The first leg of 4 Legs Fitness is resistance training.
Resistance training is also often referred to as weight or strength training. It is defined as the physical activity designed to improve muscular fitness by exercising a specific muscle or muscle group against external resistance.
Here you find a short summary about the key aspects of resistance training. For more details take a look at my article What Is Resistance Training? Tips and Workouts for All Levels, or check out my book From Healthy to Athletic: How to Master the 4 Ingredients to Superior Fitness.
What Is Resistance Training?
This training can include free-weights, machines, kettlebells or your own body weight. Apart from the obvious one of getting stronger and fitter, resistance training:
- Counteracts bone and muscle loss when we get older.
- Increases the resting metabolism which means you burn more calories while not exercising.
- Improves your balance, coordination, and posture (if you lift correctly), all of which are based on strength and composition of your muscles.
- And more, which I cover in the book.
Key Principles Of Resistance Training
Whatever your goal is, to see results you must follow a couple of important principles. Creating a resistance training regime or program is referred to as programming. The type and structure of the program depends on whether you want to train for hypertrophy (muscle mass increase), strength or power. Based on that you need to set three aspects:
- Volume is defined as the number of repetitions times the number of sets (reps x sets) that you execute per training session.
- Intensity is a certain percentage of your 1RM. 1RM stands for 1 rep max and represents the maximum weight you can theoretically lift for one time. There are ways to calculate and also practically test your 1RM.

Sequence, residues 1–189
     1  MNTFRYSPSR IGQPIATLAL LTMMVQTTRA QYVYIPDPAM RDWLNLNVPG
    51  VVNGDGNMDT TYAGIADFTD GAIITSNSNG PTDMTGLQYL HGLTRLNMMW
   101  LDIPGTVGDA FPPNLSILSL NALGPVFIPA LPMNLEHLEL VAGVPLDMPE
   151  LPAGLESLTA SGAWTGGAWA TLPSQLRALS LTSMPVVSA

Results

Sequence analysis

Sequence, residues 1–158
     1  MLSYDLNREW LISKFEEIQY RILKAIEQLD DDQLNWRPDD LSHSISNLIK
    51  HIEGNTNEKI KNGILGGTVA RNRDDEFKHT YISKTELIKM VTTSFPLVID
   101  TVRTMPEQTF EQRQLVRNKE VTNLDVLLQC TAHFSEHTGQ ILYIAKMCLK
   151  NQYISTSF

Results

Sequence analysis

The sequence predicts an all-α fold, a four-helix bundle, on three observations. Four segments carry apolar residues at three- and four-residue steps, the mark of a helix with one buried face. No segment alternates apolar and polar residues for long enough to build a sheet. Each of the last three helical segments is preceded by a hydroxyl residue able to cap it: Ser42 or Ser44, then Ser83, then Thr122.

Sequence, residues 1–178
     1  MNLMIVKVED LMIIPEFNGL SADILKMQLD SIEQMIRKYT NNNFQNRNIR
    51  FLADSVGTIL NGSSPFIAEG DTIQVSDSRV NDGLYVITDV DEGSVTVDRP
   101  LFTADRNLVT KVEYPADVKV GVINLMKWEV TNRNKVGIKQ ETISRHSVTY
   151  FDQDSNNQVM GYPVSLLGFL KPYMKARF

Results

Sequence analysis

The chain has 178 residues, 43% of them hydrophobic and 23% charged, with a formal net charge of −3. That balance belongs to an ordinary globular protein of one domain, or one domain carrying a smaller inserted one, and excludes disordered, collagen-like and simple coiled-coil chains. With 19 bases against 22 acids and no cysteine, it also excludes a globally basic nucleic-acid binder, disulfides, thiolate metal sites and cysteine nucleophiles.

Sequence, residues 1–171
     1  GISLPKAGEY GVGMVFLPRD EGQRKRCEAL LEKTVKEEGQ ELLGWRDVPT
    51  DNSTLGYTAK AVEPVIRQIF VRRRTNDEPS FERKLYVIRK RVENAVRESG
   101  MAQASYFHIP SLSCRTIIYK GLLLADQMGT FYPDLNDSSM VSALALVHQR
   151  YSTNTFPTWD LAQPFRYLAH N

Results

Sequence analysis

- Frequency is how often you train a certain muscle group within a certain time period. It also includes recovery times and the quality of your rest between training sessions.
Especially this last point about having proper rest between training is crucial. We cover this in the fourth leg of the 4 Legs Fitness concept: recovery.
Another key principle to succeed with your program is progressive overload. In every training session you should add a new stimulus for your muscle. Otherwise they adapt and you won’t progress. This overload can happen by increasing volume, intensity, frequency, or shortening rest times or a combination of these.
Equipment For Strength Training
When it comes to equipment, you don’t need much but the more experienced you get and the heavier you lift, some tools (like a Powerlifting belt) are effective and recommended. Read more about this in my article about Gym Equipment That Actually Makes Sense.
Resistance Training as Part of Health Programs That Deliver Results
In my book I cover all these topics in much greater detail, which should help you create a resistance program that is right for you and your goals. If you want to use an existing program that incorporates all aspects of the 4 Legs of Fitness concept and adapts to your goals, check out my Build Bullet-Proof Health program. If you require a very specialized program take a look at my Super Coach.
In the next posts we cover the second leg of the 4 Legs Fitness concept: cardio.
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